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Battle Creek, MI: Special classroom helps students "to process stress and regulate emotions"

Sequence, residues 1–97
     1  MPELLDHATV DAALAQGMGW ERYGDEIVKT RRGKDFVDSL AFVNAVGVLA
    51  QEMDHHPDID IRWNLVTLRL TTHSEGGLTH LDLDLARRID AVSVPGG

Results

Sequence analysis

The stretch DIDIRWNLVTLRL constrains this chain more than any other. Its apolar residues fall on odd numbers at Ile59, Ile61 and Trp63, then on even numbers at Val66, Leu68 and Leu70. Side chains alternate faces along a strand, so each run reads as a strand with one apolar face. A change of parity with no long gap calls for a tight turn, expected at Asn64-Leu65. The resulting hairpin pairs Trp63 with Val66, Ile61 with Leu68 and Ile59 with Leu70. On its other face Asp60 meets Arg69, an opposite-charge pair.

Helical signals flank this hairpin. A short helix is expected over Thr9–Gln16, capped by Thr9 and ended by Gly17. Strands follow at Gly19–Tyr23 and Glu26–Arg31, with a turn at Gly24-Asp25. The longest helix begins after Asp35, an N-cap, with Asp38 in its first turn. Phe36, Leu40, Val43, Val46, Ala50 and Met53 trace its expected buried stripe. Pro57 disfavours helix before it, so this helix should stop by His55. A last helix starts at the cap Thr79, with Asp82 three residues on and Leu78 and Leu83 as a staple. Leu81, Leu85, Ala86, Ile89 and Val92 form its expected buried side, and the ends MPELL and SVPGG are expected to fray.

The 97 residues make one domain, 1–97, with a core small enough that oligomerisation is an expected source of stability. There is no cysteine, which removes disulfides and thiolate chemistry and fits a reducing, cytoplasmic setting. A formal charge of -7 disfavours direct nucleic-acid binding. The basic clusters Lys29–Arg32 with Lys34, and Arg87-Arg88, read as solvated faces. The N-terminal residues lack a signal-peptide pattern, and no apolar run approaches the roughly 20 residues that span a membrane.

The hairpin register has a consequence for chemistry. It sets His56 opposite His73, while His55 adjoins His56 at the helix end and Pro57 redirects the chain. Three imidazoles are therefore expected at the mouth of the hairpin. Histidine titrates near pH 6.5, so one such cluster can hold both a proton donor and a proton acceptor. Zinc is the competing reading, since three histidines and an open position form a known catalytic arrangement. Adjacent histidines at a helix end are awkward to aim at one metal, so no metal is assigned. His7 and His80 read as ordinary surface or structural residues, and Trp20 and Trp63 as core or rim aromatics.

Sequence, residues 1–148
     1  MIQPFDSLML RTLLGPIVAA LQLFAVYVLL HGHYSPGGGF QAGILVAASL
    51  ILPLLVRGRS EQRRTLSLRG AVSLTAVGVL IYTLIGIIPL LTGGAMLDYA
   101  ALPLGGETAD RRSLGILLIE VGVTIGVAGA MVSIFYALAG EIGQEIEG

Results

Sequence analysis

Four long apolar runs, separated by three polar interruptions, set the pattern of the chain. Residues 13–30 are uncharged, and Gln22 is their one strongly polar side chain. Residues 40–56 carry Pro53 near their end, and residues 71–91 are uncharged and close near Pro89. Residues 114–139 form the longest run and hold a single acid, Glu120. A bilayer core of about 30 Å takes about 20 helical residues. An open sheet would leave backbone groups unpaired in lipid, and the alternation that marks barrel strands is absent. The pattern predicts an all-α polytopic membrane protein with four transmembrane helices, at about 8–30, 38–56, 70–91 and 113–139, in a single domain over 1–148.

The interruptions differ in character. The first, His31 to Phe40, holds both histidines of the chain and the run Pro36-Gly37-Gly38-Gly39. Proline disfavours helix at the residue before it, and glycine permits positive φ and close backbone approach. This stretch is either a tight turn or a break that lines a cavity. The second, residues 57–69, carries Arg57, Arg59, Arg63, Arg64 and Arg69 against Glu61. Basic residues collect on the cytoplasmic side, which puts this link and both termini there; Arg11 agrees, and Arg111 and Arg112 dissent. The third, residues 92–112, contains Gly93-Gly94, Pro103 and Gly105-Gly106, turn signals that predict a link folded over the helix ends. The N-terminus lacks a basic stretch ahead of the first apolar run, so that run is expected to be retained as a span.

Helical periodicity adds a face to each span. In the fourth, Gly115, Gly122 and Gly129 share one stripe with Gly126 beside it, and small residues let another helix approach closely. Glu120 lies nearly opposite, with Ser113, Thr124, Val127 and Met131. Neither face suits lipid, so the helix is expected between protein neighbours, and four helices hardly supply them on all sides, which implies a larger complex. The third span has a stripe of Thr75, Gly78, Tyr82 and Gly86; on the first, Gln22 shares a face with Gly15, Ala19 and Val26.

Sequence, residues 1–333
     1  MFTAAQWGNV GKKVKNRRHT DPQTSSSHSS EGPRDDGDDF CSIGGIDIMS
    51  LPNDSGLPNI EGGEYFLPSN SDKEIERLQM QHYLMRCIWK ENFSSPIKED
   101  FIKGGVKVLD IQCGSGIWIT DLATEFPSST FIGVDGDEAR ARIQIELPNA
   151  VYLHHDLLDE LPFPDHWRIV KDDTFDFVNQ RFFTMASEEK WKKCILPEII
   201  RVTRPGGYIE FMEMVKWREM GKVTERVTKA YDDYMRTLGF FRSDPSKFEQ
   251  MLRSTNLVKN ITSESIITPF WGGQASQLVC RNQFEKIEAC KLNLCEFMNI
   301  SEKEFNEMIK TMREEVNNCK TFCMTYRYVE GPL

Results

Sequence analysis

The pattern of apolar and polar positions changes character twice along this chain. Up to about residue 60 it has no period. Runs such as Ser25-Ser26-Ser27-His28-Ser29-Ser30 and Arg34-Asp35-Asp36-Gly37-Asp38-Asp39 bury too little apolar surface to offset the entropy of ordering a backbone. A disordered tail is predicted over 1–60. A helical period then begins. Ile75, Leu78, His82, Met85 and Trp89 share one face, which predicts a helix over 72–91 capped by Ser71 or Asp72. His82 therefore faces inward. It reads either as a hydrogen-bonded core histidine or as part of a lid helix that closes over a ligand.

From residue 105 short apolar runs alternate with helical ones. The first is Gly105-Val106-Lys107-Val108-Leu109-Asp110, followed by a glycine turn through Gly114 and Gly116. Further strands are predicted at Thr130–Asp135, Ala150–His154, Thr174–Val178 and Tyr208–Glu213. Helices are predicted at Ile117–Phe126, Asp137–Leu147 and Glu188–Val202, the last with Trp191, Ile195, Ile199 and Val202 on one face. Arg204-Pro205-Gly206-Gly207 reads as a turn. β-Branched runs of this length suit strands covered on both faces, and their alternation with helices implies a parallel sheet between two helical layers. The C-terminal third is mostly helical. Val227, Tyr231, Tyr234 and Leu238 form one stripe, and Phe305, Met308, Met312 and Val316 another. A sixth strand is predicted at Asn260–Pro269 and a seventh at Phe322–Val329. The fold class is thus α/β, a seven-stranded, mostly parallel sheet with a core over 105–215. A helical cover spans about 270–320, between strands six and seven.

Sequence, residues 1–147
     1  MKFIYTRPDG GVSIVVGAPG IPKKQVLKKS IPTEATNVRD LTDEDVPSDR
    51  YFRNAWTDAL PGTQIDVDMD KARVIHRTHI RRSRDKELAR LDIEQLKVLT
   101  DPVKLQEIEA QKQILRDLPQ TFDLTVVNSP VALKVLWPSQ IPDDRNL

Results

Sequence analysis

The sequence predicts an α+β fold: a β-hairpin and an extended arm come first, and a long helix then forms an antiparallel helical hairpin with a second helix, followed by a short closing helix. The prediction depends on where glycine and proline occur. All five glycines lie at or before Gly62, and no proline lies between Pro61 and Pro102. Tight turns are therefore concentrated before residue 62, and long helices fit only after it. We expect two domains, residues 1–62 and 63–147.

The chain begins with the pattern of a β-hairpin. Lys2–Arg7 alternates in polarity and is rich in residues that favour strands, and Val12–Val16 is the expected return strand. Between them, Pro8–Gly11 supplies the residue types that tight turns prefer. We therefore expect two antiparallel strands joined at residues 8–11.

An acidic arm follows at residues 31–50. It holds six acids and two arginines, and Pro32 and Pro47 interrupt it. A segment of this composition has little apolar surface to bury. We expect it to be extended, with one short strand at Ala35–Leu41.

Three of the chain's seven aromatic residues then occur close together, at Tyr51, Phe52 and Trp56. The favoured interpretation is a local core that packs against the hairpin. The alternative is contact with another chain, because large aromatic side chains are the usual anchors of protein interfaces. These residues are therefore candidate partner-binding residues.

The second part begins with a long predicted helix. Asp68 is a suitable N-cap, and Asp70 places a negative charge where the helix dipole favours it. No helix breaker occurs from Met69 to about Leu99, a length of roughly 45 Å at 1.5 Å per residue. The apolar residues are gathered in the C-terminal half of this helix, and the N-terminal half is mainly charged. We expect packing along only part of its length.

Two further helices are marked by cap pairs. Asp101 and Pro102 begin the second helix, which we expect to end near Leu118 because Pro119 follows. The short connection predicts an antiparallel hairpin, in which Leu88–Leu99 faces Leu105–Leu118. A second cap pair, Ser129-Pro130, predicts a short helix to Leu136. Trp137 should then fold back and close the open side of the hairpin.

Jan 4, 2018, Michigan Radio (Battle Creek): Battle Creek students get emotional, social support in a new type of classroom http://michiganradio.org/post/battle-creek-students-get-emotional-social-support-new-type-classroom Early in the morning on a snowy Wednesday, eighth grade student Xzavionna Reed is eating breakfast at a table across from her teacher. She’s the only student in the room. It’s a new type of classroom at Battle Creek Public Schools (BCPS); an initiative focused on giving more emotional and social support to students who have struggled with regulating their own behavior, and been in trouble because of it. … She visits this classroom several times a day to work with the teacher, Erica Giron. Together they work on ways to process stress and regulate her emotions. And Giron sets goals with Xzavionna to make sure she gets to class on time, and gets her work done. Battle Creek Public Schools calls it the CLIMB classroom. The program started this fall and there are three of these rooms in buildings across the district – all funded by a grant from the W.K. Kellogg foundation. “[CLIMB] stands for Concrete Lessons in Mindful Behavior,” Giron says. “We’re teaching students how to be students: self-regulation techniques, coping skills, how to be successful in a world that’s constantly upsetting you.” … The CLIMB classroom project is a tiny piece of the recent efforts to build in more emotional and social support for students. It's also an alternative to traditional discipline. … Giron says the district is keeping a close eye on how many times students get sent to the principal’s office, the number of suspensions, and how often students just get up and walk out of class. She says in recent years, they’ve actually had a lot of kids leaving class without permission, a potentially unsafe problem. And parents of BCPS students haven’t always been happy with how the district managed student-misbehavior. She says some families have even decided to leave the district because of those student behavior issues. “Whether it was their student that was having a hard time making good choices at school and they felt like their needs weren’t being met, or it was students who were affected by other student’s behaviors that decided to leave because it wasn’t being managed,” Giron said.